- Friedman was and is aware of the role played by the gold standard--hence
his long time advocacy of floating exchange rates, the antithesis of the
Consequences for the Long-Run Average Rate of Inflation:
Average inflation determined by gold mining. Under a gold standard,
the long-run trajectory of the price level is determined by the pace at
which gold is mined in South Africa and Russia.
- For example, the discovery and exploitation of large gold reserves
near present-day Johannesburg at the end of the nineteenth century was
responsible for a four percentage point per year shift in the worldwide
rate of inflation--from a deflation of roughly two percent per year before
1896 to an inflation of roughly two percent per year after 1896.
- In the election of 1896, William Jennings Bryan's Democrats called
for free coinage of silver as a way to end the then-current deflation and
stop the transfer of wealth away from indebted farmers. The concurrent
gold discoveries in South Africa changed the rate of drift of the price
level, and accomplished more than the writers of the Democratic platform
could have dreamed, without any change in the U.S. coinage.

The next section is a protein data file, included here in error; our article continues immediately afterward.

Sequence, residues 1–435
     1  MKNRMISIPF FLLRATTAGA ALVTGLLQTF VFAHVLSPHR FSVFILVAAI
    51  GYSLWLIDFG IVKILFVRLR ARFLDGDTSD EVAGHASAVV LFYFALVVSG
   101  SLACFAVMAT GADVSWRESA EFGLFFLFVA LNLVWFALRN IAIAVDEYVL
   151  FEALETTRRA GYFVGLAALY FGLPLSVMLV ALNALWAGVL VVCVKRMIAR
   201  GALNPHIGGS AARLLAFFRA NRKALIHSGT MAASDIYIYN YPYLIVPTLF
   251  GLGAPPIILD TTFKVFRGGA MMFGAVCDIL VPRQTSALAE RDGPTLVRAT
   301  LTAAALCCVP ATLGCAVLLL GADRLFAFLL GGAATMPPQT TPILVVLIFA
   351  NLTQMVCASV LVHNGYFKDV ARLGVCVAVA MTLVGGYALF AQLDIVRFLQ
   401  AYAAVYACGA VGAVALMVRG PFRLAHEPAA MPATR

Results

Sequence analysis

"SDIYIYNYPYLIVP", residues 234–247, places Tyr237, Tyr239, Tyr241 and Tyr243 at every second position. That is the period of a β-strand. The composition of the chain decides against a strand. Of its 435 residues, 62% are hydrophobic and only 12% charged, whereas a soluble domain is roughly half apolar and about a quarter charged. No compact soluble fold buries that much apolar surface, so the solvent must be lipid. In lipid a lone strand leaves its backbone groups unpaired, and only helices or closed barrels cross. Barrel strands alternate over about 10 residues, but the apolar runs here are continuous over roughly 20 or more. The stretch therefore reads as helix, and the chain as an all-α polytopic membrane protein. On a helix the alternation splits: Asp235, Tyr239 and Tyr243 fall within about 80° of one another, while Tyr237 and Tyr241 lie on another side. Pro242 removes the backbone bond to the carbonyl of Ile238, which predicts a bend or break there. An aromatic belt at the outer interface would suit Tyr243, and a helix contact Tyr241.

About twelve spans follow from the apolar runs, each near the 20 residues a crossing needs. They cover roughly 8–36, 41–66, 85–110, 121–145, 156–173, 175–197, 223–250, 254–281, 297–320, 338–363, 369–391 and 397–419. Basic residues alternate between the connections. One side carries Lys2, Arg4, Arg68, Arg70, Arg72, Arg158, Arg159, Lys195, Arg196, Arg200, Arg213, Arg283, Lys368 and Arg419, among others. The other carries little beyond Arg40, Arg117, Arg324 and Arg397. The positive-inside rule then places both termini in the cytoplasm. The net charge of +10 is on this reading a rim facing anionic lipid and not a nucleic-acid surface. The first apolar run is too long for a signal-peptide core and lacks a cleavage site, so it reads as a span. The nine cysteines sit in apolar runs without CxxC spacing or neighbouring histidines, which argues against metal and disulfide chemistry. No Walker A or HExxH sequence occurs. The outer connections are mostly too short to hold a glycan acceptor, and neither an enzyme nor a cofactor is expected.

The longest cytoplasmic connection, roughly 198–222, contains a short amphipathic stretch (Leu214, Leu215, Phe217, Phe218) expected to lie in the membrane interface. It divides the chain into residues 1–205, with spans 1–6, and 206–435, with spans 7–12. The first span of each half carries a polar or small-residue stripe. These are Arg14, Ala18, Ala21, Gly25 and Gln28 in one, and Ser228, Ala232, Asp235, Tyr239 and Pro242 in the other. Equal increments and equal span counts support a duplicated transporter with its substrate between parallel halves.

- Thus any political factors that interrupted the pace of gold mining
would have major effects on the long-run trend of the price level--send
us into an era of slow deflation, with high unemployment. Conversely, significant
advances in gold mining technology could provide a significant boost to
the average rate of inflation over decades.
- Under the gold standard, the average rate of inflation or deflation
over decades ceases to be under the control of the government or the central
bank, and becomes the result of the balance between growing world production
and the pace of gold mining.
Why Do Some Still Advocate a Gold Standard?
- A belief that governments and central banks should not control the
average rate of inflation over decades, and that the world will be better
off if the long-run drift of the price level is determined "automatically."
- A belief that bondholders and investors will be reassured by a government
committed to a gold standard, will be confident that inflation rates will
be low, and so will bid down nominal interest rates.
- Of course, if you do not trust a central bank to keep inflation low,
why should you trust it to remain on the gold standard for generations?
This large hole in the supposed case for a gold standard is not addressed.
- Failure to recognize the role played by the gold standard in amplifying
and propagating the Great Depression.
- Failure to recognize that the international monetary system functions
best when the burden-of-adjustment is spread between balance-of-payments
"surplus" and "deficit" countries, rather than being
loaded exclusively onto "deficit" countries.
- Failure to recognize how gold convertibility increases the likelihood
of a run on the currency, and thus amplifies recessions.
Go to Brad De Long's Home
Associate Professor of Economics Brad De
Long, 601 Evans
University of California at Berkeley; Berkeley, CA 94720-3880
(510) 643-4027 phone (510) 642-6615 fax